Managerial Functions: Planning: Is a predetermined course of action. Planning is a hard job, for it involves the ability to think, to predict, to analyze and to control the actions of its personnel and to cope with a complex, dynamic fluid environment. They bridge the gap from where we are to where we want to go. The two important features of planning are research and forecasting. The task of forecasting personnel needs in relation to changes in production or seasonal variations and the leveling out of differences in the production extremely important, both for employees and for management. Therefore, planning and decision making has to be undertaken much in advance of an action so that unforeseen or anticipated problems and events may be properly handled. This as also stressed by the saying: Good managers make things happen.

Organizing: An Organization is a means to an end. It is essential to carry out the determined course of action. Complex relationships exist between the specialized departments and the general departments as many top managers are seeking the advice of personnel manager. Thus, Organization establishes relationship among the employees so that they can collectively contribute to the attainment of company goals. Directing: Direction is an important managerial function in building sound industrial relations besides securing employee contributions. Co-ordination deals with the task of blending efforts in order to ensure successful attainment of an objective. The personnel manager has to coordinate various managers at different levels as far as personnel functions are concerned. Personnel management function should also be coordinated with other functions of management like management of money, machine, and material. Controlling: Controlling involves checking, verifying and comparing of the actualize with the standards, identification of deviations if any and correcting of identified deviations. Thus, action and operation are adjusted to predetermined plans and standards through control. Fig. 3: Functions of Personnel Office/ Personnel Management. Functions of Personnel Office Managerial Functions Operative Functions

Planning

Organizing

Directing Compensation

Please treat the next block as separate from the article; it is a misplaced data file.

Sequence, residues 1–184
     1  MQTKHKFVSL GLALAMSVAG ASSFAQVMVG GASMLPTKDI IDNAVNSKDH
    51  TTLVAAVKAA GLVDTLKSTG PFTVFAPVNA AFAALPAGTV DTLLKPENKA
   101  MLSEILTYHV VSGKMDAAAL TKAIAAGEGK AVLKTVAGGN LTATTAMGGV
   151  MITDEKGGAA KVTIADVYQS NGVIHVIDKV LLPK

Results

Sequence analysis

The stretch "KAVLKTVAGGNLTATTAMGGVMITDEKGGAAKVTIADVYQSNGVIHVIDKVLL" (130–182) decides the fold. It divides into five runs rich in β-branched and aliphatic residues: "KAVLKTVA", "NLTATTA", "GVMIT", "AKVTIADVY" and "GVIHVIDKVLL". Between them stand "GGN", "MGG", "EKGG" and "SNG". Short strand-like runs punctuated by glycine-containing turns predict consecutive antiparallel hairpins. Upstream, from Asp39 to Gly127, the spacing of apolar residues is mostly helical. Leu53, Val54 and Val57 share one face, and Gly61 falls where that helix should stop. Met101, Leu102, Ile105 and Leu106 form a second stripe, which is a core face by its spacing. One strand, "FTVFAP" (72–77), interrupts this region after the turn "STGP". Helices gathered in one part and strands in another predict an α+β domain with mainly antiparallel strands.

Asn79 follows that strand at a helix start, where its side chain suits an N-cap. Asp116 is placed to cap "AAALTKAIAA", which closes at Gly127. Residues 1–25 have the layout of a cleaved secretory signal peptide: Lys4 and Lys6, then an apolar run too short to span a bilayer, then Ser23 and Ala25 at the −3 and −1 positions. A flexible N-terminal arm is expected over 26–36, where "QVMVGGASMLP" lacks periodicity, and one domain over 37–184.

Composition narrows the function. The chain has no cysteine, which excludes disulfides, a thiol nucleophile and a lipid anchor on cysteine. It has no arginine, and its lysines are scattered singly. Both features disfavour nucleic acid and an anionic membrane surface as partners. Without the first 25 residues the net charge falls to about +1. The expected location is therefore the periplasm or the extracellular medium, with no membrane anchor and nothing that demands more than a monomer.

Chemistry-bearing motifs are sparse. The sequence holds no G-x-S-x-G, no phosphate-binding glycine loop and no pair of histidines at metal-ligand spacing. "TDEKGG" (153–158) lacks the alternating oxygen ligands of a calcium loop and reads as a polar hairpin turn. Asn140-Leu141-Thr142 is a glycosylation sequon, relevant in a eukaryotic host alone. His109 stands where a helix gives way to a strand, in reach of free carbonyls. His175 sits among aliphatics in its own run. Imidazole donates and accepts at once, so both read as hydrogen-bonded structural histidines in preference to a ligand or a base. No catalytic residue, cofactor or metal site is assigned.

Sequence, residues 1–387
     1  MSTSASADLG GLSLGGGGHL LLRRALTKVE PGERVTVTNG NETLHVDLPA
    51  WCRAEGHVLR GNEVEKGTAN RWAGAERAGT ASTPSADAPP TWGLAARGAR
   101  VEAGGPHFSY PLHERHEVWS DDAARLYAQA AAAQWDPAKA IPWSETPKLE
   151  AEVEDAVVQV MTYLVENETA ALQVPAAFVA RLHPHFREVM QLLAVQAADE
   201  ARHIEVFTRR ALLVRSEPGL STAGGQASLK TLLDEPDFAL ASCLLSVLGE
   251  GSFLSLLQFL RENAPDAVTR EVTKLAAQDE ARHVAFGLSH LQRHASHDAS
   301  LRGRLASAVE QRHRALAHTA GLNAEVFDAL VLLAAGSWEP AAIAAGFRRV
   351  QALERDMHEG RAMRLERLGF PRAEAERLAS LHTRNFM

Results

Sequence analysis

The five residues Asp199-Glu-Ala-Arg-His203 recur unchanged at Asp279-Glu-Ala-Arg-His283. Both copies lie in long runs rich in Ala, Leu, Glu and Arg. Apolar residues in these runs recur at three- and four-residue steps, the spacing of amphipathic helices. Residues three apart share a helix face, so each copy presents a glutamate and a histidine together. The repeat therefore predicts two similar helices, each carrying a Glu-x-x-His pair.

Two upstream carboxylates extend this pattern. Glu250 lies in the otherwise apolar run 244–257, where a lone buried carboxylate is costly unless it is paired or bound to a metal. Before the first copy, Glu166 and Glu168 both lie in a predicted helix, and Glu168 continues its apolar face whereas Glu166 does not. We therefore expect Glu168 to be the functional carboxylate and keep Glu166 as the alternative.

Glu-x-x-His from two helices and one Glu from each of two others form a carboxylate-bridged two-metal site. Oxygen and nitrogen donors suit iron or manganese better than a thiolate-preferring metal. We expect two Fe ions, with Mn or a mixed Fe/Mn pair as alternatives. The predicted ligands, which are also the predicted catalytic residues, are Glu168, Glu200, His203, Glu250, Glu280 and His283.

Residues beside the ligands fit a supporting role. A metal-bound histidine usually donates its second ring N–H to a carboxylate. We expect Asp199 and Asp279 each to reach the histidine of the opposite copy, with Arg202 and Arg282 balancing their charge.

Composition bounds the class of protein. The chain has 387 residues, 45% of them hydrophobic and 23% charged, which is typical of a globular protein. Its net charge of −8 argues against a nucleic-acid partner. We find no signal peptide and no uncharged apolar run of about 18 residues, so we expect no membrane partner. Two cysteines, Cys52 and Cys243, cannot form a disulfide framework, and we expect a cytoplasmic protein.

Controlling Human Relations, Placement.

Employment HRD

H R P; Performance- Job Evaluation; Motivation; Recruitment; Appraisal; Wage & Salary Morale; Selection; Training; Quality- Circles. Orgn.Change & Dev. Induction; Mgmt. Dev. Fringe Benefits.

Career Planning

Operative Functions: The operative functions of human Resource Management are related to specific activities of personnel management e.g. employment, development, compensation & Relations. All these functions are interacted by managerial functions. Employment: Employment is concerned with securing and employing the people possessing required kind and level of human resources necessary to achieve the organizational objectives. It covers the functions such as job analysis, human resource planning, recruitment, selection, placement, induction and internal mobility. Human Resource Development: It is the process of improving, molding and changing the skills, knowledge, creative ability, aptitude, attitude, values, commitment etc. based on present and future job and organizational requirements. This function includes Performance Appraisal, Training, Management Development, Career Planning and Development, Internal Mobility (Promotion, Demotion), Organizational Development. Compensation: It is the process of providing adequate, equitable and fair remuneration to the employees. It includes job evaluation, wage and salary administration, incentives, bonus, fringe benefits, social security measures etc. Human Relations: Practicing various human resource policies and programmes Loire employment, development and compensation and interaction among employees create a sense of relationship between the individual worker and management, among workers and trade unions and management. It is the process of interaction among human beings. Human relations is an area of management in integrating people in to work situation in a way that motivates them to work together productively, cooperatively and with economic, psychological and social satisfaction.